Wales

Cwm Taf maternity crisis: Midwife stress adds to staff problems

Doctor in maternity unit Image copyright Getty Images
Image caption There are three long-term consultant locums working in the units to cover gaps

The aftermath of a damning review into maternity services at two south Wales hospitals has added to staffing problems, a report has said.

Sickness absence among midwives is running at 11% with stress the biggest cause, Cwm Taf Bro Morgannwg health board will hear on Wednesday.

"Significant service change" and the negative impact of the report at the end of April are said to be factors.

Meanwhile, some poor patient experiences are still being reported.

Maternity services at Prince Charles Hospital in Merthyr Tydfil and the Royal Glamorgan Hospital in Llantrisant were put in special measures after experts from two royal colleges called services dysfunctional and mothers' experiences "distressing".

The health board's chief executive Allison Williams has herself since gone on sick leave.

Although the majority of mothers now report very good experiences, poor feedback since April includes:

  • "Midwife had a very abusive manner and reduced a patient to tears - formal complaint being submitted"
  • "Patients overheard midwifes talking derogatorily about each other"
  • "Staff very loud both day and night - no consideration or compassion shown for those patient needing rest and sleep"
  • Delays in receiving medication and patient notes and drug charts often going missing
Image caption Dr Sharon Hopkins has taken over as interim chief executive after moving from Cardiff and Vale health board

The health board has increased the frequency of its patient surveys to twice a week and managers have written to all midwives, reminding them of their professional behaviours and responsibilities.

There are 14 vacancies among midwives - among 149 jobs available across the health board - 20 midwives had been offered jobs, but Cwm Taf was the first choice with less than half of them.

There are also four consultant vacancies - three new ones are due to start work, but two mid-grade doctors have resigned.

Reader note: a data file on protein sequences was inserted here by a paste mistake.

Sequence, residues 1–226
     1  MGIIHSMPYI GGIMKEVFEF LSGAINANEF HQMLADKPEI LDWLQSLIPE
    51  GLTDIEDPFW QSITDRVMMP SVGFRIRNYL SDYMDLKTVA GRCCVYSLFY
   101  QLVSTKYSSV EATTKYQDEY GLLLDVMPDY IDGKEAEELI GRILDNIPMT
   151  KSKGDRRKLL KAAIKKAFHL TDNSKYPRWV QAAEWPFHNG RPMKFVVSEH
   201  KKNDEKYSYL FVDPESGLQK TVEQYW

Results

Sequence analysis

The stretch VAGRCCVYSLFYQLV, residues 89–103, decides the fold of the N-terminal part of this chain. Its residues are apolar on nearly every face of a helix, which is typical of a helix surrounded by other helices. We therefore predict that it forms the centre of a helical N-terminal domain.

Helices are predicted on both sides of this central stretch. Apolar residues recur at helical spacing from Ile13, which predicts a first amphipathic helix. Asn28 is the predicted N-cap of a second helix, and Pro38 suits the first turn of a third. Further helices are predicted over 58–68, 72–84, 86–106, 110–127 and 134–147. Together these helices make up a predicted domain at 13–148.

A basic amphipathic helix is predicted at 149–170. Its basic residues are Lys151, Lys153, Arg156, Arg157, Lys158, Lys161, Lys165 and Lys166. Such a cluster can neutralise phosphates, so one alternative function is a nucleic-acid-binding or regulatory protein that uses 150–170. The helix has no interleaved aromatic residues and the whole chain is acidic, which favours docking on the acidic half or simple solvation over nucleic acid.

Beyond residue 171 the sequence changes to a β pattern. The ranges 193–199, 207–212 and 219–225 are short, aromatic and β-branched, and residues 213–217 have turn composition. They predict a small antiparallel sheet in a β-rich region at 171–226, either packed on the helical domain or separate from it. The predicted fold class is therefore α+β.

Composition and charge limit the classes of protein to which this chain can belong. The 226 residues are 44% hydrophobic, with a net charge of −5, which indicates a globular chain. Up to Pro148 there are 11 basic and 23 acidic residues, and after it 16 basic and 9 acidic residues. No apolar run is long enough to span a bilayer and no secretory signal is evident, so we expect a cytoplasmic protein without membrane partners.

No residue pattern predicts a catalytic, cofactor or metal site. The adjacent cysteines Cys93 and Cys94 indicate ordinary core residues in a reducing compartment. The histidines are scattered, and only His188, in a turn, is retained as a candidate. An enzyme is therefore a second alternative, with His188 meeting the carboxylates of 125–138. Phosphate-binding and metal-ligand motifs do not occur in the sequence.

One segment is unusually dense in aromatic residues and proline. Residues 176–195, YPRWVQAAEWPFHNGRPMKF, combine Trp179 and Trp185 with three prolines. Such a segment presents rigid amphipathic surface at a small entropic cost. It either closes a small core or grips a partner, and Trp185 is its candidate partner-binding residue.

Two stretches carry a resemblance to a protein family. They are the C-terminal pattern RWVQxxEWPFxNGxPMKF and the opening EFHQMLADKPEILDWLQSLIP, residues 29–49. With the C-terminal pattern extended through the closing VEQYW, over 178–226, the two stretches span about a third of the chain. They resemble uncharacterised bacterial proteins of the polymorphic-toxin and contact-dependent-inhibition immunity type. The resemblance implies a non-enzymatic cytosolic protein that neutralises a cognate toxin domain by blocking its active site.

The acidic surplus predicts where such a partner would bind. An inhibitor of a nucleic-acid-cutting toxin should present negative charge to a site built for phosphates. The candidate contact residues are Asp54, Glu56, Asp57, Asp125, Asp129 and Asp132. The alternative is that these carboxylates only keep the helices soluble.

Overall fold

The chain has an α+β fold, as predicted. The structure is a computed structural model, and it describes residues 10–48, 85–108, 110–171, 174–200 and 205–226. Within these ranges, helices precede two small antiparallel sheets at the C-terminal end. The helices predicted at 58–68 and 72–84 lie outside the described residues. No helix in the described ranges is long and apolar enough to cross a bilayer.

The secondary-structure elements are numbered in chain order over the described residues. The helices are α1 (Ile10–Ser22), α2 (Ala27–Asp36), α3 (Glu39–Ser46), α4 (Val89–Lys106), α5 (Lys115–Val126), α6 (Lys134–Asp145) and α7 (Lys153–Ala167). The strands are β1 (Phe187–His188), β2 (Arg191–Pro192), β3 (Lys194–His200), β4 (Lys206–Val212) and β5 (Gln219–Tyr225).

The report also reveals 118 maternity incidents were reported in the health board in June - including five moderate harm incidents - which included a needle stick injury and an example where a baby received a cut to the head during a Caesarian section.

The report said weekly meetings were held at Prince Charles Hospital - where complicated births take place - and fortnightly meeting at the Royal Glamorgan to review where things have gone wrong, adding attendances had "increased vastly".

The board continues to investigate eight serious untoward incidents, which are reportable to the Welsh Government, which happened since September 2018.

In addition to the health board's own improvement plan, the Welsh Government has appointed an independent oversight panel to monitor and challenge the health board over maternity improvements.

The panel is likely to look into the circumstance into serious incidents involving mothers and babies stretching back a decade.

Greg Dix, Cwm Taf's director of nursing, midwifery and patient care, said: "Any issues raised about our services are treated with the utmost seriousness and we apologise to anyone whose care has fallen short of the standard which they deserve.

"We are absolutely committed to putting things right and addressing all the concerns identified by the Royal Colleges' report."

He added that work was under way to improve care, manage sickness and address staffing issues.

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